Sunday, March 25, 2012

Almond Meal Chocolate Cookies

Edited to add: I made a mistake in counting the carbs in these cookies: they actually have 2.5 net grams of carb, not one, and five grams of protein. I apologize for the error.

By popular demand, my recipe for low carb almond meal chocolate cookies. (Recipe adapted from this one at The Naked Kitchen.) Each of these cookies has a scant 2.5g net carbohydrate and 5g of protein.

Why almond flour instead of wheat flour? Cardiologist William Davis wrote a whole book called Wheat Belly on wheat's being one of the worst foods you can put into your mouth. (Wheat elimination is part of his program for reversing heart disease.) Wheat is an appetite stimulant; it can send your blood sugar over the moon, leading to insulin resistance and advanced glycation end products (AGEs) that, well, age you; it can cause autoimmune disorders. Even in you've had a negative test for celiac, you might be wheat sensitive.

I can attest to the last part. I'm not celiac, but once I eliminated wheat, having a cookie made of wheat quickly brought on sinus congestion, acid reflux and a stomach ache. Just reducing wheat made me start slowly losing weight two years ago. And I've had no seasonal allergies since eliminating wheat.

Why almond meal instead of other flours? Most other flours are mainly carbohydrate--and as Dana Carpender puts it, you know those wonderful complex carbohydrates are just sugar molecules holding hands, right? Since almond flour is mostly fat and protein, it doesn't shouldn't raise your blood sugar or insulin much or create AGEs. The fat makes it moist and filling.

Why stevia instead of sugar or agave? Using sugar adds an extra 19 calories and 5g of carbohydrate per cookie. Agave nectar (assuming a 2/3:1 conversion for sugar) adds 2.36g of carb per cookie. And it's mostly fructose, which your liver sends straight to fat. Stevia has no digestible carbs (i.e., no fructose or calories).

Enjoy as many of these cookies as you want. Three of these cookies have 15g of protein and a scant 7.5g of carbohydrate. Have three or four for breakfast (I do)--I predict you won't be hungry again until noon.


3 c almond flour or meal
1/2 c olive oil (ETA: preferably extra light olive oil)
Equivalent of 1/2 c sugar (e.g., stevia)
2 eggs
1 t baking powder
1 t salt
2 t vanilla extract
5 squares baking chocolate (2.5 oz)

ETA: If using stevia, check the package to find out what the equivalent of 1/2 c of sugar is. Don't use 1/2 c of stevia!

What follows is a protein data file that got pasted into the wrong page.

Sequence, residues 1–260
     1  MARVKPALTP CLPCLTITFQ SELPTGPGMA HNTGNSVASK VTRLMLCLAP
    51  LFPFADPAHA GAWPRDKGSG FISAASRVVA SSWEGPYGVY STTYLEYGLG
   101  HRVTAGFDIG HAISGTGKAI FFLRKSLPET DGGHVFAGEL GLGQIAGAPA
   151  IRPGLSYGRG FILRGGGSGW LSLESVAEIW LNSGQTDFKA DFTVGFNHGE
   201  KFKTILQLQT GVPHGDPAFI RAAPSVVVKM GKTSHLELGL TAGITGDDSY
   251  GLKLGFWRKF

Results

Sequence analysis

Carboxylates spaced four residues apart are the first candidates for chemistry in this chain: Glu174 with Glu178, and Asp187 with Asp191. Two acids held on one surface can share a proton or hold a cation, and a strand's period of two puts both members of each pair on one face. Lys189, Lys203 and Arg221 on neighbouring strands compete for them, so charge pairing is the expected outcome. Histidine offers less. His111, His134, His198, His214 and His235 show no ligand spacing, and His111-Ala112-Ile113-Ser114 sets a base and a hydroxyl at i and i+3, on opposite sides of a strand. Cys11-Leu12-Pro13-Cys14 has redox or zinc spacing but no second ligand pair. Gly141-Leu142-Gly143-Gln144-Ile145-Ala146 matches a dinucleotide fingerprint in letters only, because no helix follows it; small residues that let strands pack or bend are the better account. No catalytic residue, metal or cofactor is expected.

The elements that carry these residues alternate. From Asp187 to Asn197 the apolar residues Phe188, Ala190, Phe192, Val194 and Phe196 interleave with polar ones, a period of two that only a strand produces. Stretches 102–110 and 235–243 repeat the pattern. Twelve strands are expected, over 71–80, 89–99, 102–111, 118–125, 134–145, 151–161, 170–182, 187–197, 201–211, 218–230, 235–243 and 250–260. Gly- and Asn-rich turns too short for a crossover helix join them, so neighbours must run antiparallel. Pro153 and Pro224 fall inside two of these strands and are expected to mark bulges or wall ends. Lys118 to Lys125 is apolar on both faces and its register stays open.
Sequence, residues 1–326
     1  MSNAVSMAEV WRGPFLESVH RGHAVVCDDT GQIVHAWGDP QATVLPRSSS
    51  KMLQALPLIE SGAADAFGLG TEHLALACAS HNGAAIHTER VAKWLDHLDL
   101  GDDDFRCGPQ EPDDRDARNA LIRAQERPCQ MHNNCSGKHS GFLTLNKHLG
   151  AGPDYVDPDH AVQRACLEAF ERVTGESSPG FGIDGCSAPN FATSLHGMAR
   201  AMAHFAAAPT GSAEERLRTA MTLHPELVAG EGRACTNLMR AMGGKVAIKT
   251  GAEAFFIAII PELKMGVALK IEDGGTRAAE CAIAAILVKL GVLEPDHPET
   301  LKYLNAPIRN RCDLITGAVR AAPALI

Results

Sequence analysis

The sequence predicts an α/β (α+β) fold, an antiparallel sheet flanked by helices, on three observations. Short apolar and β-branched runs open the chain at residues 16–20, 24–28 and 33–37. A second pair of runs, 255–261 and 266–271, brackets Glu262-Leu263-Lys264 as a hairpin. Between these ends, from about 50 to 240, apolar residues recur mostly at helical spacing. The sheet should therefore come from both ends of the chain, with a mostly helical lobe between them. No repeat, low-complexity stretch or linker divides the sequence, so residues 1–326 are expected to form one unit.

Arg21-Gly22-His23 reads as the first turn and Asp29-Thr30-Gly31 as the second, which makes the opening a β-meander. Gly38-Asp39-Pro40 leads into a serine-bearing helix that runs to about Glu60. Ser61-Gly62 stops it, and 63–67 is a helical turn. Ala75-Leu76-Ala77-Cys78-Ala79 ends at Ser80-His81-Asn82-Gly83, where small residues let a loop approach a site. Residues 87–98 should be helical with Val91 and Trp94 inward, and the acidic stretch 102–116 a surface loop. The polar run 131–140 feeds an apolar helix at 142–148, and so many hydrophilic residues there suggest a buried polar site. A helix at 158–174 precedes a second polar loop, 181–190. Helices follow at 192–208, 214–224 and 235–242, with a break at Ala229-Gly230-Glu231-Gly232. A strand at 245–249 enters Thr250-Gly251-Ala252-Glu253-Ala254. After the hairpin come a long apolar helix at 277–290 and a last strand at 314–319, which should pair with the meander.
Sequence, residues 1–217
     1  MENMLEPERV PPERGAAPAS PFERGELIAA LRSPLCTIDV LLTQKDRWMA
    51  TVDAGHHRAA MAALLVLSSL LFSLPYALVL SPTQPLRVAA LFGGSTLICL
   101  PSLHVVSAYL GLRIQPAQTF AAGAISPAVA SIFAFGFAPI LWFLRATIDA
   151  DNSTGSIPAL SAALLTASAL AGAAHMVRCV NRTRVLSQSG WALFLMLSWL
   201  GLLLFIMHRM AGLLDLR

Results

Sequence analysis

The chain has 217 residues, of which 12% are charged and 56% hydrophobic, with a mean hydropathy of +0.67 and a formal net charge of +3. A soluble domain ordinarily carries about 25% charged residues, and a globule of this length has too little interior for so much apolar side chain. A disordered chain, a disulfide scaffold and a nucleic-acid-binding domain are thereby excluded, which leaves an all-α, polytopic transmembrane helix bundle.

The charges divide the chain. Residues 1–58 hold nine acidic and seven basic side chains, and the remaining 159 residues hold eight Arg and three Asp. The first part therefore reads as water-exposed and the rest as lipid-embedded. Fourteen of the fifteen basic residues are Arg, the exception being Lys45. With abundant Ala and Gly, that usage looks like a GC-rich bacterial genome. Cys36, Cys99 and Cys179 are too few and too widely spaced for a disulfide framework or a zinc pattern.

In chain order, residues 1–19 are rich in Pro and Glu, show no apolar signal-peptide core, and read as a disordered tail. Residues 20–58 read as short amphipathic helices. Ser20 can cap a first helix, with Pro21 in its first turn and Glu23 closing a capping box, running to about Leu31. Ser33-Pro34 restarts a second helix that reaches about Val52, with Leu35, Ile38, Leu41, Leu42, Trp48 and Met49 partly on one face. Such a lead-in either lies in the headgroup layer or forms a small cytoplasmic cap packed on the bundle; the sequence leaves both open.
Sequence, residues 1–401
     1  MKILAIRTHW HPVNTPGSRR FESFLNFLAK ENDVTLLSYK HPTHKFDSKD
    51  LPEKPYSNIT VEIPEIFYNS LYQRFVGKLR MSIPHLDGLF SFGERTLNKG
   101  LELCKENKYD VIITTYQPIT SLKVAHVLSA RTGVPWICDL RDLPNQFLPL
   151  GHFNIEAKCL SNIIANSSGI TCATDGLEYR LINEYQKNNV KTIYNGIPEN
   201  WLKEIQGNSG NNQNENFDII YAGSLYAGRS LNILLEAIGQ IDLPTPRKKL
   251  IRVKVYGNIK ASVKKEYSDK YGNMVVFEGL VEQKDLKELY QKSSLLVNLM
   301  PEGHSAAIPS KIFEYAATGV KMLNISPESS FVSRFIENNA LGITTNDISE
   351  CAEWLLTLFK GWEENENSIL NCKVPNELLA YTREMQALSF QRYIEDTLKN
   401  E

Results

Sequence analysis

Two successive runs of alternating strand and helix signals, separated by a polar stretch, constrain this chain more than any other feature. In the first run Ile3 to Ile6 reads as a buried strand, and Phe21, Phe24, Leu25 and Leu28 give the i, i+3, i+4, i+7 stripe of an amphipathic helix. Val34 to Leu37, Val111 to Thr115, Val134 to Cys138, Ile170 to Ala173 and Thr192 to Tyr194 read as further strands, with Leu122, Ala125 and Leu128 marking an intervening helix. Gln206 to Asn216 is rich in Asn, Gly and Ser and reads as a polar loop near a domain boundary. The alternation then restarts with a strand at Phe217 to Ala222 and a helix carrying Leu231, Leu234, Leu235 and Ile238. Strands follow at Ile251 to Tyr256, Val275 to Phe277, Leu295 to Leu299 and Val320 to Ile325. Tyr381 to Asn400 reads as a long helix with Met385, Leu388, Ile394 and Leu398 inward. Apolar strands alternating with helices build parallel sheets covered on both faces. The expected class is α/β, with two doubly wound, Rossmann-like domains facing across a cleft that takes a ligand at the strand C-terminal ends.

Preheat oven to 375 F. In a medium bowl, combine the dry ingredients. In a small bowl, melt the chocolate at 50% heat in the microwave, or melt it over a low flame. In another small bowl, mix the wet ingredients. Pour the chocolate and other wet ingredients into the dry ingredients and mix well. Put spoonful sized drops of the cookie dough on a baking sheet and bake for 15 minutes. Makes 20 cookies.


Kat said...

Just found your blog today via Fat Fiction, and I'm also a newbie to the HFLC lifestyle via Wheat Belly. Just wondering about the stevia in this recipe. I have used liquid stevia in the past, but not sure how to use it in a recipe like this where it replaces 1/2 cup sugar. Any help you can give will be appreciated. And I love your blog! Lot's of reading ahead for me, lol.

Lori Miller said...

Thank you. As a newbie, you might like some posts Michael Eades wrote a few months ago on starting a low-carb diet. (See blog roll at the right.)

According to Wheat Belly, ca. p. 239, 1 cup of sucrose = 2 T liquid stevia extract. I haven't tried this myself--let me know how it turns out.

Anonymous said...

Just made these. DISGUSTING! I just wasted a lot of money and time to make these and they are flat out terrible!

Lori Miller said...

Some people don't like stevia. If this is the case, Splenda might be more to your liking, although from what I've read, the dextrose filler will add calories and carbs.

Extra light olive oil works better with cookies and other baked goods than EVOO. Using EVOO makes for bad cookie dough, but IMO, the strong flavor goes away after cooking.

Learn2Serve Texas Food Handlers Certification said...

Well thanks! I'll try these one this weekend. Some friends are coming and I'd like to make some really good cookies and it might be great to finally practice some of my skills.

HarmonyParent said...

Are these cookies cakey or crispy or chewy? Flat or puffy? Thanks!

Lori Miller said...

Cakey, but they don't rise.